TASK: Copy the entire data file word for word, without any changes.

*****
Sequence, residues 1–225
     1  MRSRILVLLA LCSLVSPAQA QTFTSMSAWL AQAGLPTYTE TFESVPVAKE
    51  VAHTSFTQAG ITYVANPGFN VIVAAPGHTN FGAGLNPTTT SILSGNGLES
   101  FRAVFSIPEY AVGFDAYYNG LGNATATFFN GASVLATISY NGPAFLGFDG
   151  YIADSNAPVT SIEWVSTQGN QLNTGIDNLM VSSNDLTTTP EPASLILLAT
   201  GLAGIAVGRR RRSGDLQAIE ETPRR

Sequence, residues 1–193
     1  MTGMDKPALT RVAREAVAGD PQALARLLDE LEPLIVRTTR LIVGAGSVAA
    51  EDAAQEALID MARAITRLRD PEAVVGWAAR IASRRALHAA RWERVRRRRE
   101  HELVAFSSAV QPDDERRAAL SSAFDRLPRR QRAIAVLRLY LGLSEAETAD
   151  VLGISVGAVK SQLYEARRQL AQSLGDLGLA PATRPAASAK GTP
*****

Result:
Sequence, residues 1–225
     1  MRSRILVLLA LCSLVSPAQA QTFTSMSAWL AQAGLPTYTE TFESVPVAKE
    51  VAHTSFTQAG ITYVANPGFN VIVAAPGHTN FGAGLNPTTT SILSGNGLES
   101  FRAVFSIPEY AVGFDAYYNG LGNATATFFN GASVLATISY NGPAFLGFDG
   151  YIADSNAPVT SIEWVSTQGN QLNTGIDNLM VSSNDLTTTP EPASLILLAT
   201  GLAGIAVGRR RRSGDLQAIE ETPRR

Sequence, residues 1–193
     1  MTGMDKPALT RVAREAVAGD PQALARLLDE LEPLIVRTTR LIVGAGSVAA
    51  EDAAQEALID MARAITRLRD PEAVVGWAAR IASRRALHAA RWERVRRRRE
   101  HELVAFSSAV QPDDERRAAL SSAFDRLPRR QRAIAVLRLY LGLSEAETAD
   151  VLGISVGAVK SQLYEARRQL AQSLGDLGLA PATRPAASAK GTP